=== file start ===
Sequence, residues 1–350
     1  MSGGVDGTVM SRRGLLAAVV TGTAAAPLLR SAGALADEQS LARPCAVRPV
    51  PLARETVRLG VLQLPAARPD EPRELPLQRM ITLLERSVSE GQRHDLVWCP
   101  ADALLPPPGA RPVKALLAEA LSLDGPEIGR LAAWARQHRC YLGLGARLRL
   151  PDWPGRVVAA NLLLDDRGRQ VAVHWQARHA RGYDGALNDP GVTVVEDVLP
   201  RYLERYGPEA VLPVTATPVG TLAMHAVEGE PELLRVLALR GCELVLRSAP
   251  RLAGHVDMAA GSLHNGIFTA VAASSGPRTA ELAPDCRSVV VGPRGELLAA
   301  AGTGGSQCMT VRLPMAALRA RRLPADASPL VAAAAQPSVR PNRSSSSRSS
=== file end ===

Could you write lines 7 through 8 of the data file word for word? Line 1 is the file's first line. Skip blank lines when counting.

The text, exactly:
   251  RLAGHVDMAA GSLHNGIFTA VAASSGPRTA ELAPDCRSVV VGPRGELLAA
   301  AGTGGSQCMT VRLPMAALRA RRLPADASPL VAAAAQPSVR PNRSSSSRSS